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Celebrating Montgomery County Farming

A few weeks back, I was grateful to have been invited to attend and speak at the Upper Montgomery County Farmers Club Reception and Dinner, hosted by Charles "Jamie" Jamison (above). It was a pleasure to spend an evening with our gracious host and so many other hard working Montgomery County farmers. Recently, Mr. Jamison was selected for the prestigious Mid-Atlantic Master Farmer Award and inducted into the 81st class of Master Farmers. 


Farming has and will continue to play a vital part in the overall quality of life we are fortunate to enjoy in Montgomery County.  And we need farming to be profitable for the Agricultural Reserve to remain strong.  My experience of our farmers is that they are a mighty independent lot, and take care of their own needs as well as any.  But, that doesn't mean they don't need attention.  They do.  I was pleased to help in the zoning rewrite to make sure that we were making it easy for farmers markets, for there to be composting options, and for there to be educational opportunities in the Agricultural Reserve.   


Another priority for the farming community is technical assistance.  As the Council is currently working through our operating budget, I have urged my colleagues to support additional funding to the Department of Economic Development (DED) budget for use by the Montgomery Soil Conservation District (MSCD). The MSCD helps farmers achieve their conservation goals through the protection of soil, water, and other natural resources. With increasing requirements from the state, the expectations of farmers have only increased, placing necessary but difficult challenges on the agricultural community. It is essential that we provide the appropriate and adequate resources to help this important sector of our economy and community continue to thrive.

A Unanimous Vote to Preserve Our Farmers Markets May 10, 2010
CarrotsI am so pleased to share with you that the Zoning Text Amendment that I sponsored to preserve our farmers markets was passed unanimously by the Council on Tuesday.  We are lucky to have so many wonderful farmers' markets in District 1.  I know that I, along with many people, enjoy attending these markets where families meet and share community news and buy healthy food.

As you may know, one of these popular markets, Twin Springs, was told by the County that they had to cease operations.  Recognizing the importance of this neighborhood establishment and their quality, fresh produce, I took immediate action.  This legislation will allow farmers' markets to operate in residential zones under certain circumstances such as proximity to neighbors and lot size.  We are very excited for Twin Springs and extremely proud of our success in keeping farmers' markets an important part of our life in District 1 and throughout Montgomery County.  I visited our friends at Twin Springs earlier this week to share the good news and picked up some fresh strawberries while I was there!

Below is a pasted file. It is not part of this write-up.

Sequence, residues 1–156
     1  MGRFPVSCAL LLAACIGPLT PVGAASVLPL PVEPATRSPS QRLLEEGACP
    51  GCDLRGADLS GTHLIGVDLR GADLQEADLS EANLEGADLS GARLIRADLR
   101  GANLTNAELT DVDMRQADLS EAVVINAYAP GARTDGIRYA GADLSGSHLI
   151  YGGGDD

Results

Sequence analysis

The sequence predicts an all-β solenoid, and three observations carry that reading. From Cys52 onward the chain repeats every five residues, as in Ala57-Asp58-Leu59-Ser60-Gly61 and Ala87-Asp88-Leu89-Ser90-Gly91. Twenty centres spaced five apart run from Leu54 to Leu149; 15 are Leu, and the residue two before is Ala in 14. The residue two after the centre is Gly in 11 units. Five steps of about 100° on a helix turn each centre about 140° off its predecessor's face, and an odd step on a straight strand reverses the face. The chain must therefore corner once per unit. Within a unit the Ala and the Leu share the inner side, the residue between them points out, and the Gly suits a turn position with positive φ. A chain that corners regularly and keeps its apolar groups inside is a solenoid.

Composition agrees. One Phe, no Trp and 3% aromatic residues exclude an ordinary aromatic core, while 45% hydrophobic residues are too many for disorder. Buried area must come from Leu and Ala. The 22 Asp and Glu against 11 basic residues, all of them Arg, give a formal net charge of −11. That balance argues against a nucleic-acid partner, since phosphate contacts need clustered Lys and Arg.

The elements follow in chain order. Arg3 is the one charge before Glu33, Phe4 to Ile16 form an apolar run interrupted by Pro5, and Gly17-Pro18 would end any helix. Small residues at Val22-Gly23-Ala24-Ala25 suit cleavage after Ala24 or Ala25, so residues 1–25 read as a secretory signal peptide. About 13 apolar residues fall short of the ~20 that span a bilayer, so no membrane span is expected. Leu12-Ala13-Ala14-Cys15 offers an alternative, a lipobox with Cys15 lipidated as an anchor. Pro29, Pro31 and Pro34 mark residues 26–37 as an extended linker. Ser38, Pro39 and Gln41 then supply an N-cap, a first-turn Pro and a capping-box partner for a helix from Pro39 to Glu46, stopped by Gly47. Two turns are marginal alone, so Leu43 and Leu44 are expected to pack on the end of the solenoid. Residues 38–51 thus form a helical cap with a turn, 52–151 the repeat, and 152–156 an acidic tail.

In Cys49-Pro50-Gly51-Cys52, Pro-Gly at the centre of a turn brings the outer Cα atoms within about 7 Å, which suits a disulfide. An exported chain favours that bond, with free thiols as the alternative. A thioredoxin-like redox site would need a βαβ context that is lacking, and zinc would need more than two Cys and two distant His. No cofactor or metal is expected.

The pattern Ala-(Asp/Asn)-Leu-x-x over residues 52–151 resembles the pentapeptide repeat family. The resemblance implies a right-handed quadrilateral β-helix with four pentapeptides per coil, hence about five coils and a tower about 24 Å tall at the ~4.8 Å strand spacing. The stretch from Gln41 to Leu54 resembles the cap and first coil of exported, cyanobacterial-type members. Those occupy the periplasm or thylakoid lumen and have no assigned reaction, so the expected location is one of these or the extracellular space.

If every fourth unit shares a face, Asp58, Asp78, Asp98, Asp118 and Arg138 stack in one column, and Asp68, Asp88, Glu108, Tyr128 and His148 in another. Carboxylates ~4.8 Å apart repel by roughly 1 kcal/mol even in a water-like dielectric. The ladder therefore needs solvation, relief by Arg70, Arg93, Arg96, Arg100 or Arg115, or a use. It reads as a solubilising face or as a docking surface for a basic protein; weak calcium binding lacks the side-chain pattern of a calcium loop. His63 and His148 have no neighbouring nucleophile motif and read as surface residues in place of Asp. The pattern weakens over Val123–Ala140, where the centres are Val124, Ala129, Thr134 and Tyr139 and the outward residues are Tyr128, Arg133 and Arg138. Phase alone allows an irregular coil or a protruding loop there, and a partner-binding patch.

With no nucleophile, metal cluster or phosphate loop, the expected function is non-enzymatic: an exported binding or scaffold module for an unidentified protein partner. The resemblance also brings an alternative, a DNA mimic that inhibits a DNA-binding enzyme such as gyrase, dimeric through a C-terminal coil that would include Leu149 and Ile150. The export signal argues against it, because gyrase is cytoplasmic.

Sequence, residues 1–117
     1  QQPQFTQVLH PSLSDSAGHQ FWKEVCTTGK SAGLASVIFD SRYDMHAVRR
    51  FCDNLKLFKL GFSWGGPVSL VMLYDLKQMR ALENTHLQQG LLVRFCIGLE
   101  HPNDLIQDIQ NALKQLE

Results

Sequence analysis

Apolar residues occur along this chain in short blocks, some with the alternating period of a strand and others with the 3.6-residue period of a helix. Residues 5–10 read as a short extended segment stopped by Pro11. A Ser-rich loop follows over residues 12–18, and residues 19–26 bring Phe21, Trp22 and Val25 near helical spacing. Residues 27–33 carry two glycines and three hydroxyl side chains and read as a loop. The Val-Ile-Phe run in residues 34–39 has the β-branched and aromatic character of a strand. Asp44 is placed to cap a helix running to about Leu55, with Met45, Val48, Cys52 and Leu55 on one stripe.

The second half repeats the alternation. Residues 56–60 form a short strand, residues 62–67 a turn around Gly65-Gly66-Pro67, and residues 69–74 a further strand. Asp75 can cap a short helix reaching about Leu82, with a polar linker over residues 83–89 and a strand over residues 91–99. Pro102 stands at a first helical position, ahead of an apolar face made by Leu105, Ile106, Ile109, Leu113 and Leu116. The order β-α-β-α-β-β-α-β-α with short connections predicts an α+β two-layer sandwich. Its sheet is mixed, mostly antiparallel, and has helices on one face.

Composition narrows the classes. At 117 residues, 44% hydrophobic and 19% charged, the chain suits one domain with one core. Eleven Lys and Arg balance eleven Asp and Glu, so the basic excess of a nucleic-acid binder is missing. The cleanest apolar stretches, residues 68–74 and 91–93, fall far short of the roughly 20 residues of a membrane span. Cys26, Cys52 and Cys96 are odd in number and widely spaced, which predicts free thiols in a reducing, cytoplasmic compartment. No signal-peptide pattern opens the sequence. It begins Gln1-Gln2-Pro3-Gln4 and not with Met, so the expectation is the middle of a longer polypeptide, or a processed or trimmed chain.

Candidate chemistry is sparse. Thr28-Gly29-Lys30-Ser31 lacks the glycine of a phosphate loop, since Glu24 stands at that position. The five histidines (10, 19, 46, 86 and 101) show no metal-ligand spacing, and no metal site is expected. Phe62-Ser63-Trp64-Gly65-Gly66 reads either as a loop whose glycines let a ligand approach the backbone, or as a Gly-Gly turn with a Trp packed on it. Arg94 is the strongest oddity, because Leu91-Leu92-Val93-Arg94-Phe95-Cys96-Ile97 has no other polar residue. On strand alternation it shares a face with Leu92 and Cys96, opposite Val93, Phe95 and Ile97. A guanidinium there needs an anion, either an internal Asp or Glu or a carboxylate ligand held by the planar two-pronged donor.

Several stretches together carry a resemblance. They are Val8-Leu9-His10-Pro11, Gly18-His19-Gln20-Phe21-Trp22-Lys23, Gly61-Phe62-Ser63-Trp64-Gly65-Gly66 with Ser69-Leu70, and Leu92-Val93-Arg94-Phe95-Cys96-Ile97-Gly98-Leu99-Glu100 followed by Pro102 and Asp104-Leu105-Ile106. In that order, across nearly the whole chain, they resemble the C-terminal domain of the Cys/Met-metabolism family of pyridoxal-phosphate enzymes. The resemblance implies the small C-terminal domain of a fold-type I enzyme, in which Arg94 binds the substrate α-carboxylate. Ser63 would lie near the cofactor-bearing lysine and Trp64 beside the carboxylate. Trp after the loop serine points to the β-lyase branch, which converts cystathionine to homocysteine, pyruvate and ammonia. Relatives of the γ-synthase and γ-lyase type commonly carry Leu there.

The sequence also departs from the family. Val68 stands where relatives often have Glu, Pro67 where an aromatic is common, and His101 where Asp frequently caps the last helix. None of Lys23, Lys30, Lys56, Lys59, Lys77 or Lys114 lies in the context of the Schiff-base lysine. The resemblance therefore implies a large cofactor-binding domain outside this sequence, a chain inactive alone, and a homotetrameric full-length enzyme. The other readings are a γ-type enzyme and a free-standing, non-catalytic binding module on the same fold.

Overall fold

Preserving Our Farmers Markets February 4, 2010

Farmers MarketsI wanted to give you an update on ZTA 9-11, legislation to preserve farmers markets that contribute so much to our quality of life.  This legislation was written because under current zoning laws, it is illegal to operate a farmers market in a residential zone. 

One of our farmers markets, Twin Springs, was asked to cease operations at the St. Andrews Church in Bethesda.  Recognizing the importance of this neighborhood market and their quality, fresh produce, I took action.  Much thought was given to this legislation resulting in a piece that allows farmers markets to operate in residential zones while considering the character of our neighborhoods.

This zoning text amendment was introduced on November 17th, 2009, a public hearing was held on January 12th, and on January 21st the legislation went to committee for discussion.  Montgomery County Councilmembers, the Planning Board and staff were all extremely supportive of farmers markets and everyone agreed that this was important legislation for Montgomery County.  While modest modifications are contemplated, I remain confident that at the end of the day, we will be successful in keeping our farmers markets an important part of our life in District 1 and throughout the County.


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